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post #4 of 19 (permalink) Old 03-01-2009, 12:51 AM
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Re: Overly sensitive?

I think some dogs are just like this.
Dante 99.9% of the time needs nothing more than an Uh-uh for a correction - and he's never been harshly treated

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post #5 of 19 (permalink) Old 03-01-2009, 01:26 AM
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Re: Overly sensitive?

I have to agree. I've had a couple of fosters that I just have to place my hands on my hips and they go into "shame" mode. Ilan has a tendancy to get upset if she hears people yelling on the TV. All of my dogs were trained using pos. reinforcement.

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post #6 of 19 (permalink) Old 03-01-2009, 01:58 AM
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Re: Overly sensitive?

Try changing your tone of voice and setting her up for success all of the time. Make everything into a game and speak in a high, happy voice. Become a treat dispenser. I've had several dogs who were sensitive and when I made these changes they really responded well.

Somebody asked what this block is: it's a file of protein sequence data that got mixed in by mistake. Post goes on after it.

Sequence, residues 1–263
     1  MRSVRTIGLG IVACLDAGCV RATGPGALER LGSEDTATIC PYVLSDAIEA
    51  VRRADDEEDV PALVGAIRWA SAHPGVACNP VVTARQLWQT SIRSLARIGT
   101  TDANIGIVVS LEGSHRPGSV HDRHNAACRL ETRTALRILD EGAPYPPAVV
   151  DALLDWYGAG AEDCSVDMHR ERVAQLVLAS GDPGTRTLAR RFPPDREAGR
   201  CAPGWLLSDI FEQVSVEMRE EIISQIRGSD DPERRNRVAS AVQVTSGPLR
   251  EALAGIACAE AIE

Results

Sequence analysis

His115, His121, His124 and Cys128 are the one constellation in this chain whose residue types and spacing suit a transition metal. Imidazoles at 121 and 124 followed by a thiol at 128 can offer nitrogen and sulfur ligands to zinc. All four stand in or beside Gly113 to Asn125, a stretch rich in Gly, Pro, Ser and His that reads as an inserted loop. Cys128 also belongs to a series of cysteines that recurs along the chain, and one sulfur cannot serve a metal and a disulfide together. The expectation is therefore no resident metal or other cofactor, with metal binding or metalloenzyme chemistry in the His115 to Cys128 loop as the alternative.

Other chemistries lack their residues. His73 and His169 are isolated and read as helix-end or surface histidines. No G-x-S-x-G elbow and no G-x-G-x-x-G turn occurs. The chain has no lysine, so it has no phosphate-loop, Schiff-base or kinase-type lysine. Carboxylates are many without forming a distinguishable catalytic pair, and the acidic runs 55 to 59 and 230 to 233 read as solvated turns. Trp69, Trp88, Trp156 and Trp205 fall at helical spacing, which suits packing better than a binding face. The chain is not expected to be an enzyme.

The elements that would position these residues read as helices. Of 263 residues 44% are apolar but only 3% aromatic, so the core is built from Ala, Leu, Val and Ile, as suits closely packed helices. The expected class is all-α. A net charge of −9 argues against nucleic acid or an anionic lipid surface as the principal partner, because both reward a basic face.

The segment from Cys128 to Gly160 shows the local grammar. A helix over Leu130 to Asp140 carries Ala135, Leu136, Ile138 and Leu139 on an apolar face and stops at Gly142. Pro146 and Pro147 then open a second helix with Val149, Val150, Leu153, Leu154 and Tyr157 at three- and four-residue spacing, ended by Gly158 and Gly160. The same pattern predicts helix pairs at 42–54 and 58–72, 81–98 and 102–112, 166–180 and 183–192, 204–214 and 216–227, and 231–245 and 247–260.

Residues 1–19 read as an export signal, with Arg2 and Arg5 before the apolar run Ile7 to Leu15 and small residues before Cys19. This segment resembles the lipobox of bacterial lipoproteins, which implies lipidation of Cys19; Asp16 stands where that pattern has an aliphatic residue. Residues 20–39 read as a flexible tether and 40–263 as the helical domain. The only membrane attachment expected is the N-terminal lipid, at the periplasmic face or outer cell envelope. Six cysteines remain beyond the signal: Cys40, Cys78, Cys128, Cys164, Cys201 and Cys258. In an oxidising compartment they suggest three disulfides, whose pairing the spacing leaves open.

For confidence building try this game: http://www.clickertraining.com/node/167

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post #7 of 19 (permalink) Old 03-01-2009, 02:20 AM
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Re: Overly sensitive?

One of the things I've found that helps with sensitive dogs is to use a voice that is a bit higher and sillier when you're asking them to do something. In order to do this, I use phrases like "silly girl, go lay down somewhere else" instead of just "go lay down" (which can often come out in a harsher tone than you want to a sensitive dog). If I use something like "silly girl" or "goofy dog" or "fluffbutt" (one of my favorites with the chows), it's hard to sound mean! My voice automatically goes up a bit and sounds happy.

I have a "school marm" voice that can sound very authoritative at times and when I got a sensitive dog I found that just my voice made her crumble. So I developed the silly voice more and it was a huge help. The dogs I have now aren't very sensitive for the most part and I can say "go lay down" without a problem, but I kind of like calling them silly names .. *LOL*.. I also make silly names out of their names, like calling Trick "Trickaroo" and Tazer "Tazerboo" and Khana "Khanabanana" and Dora "Adorable Doggie". It's just plain hard to sound harsh when you're using names like those.

Ahhh, the power of the voice!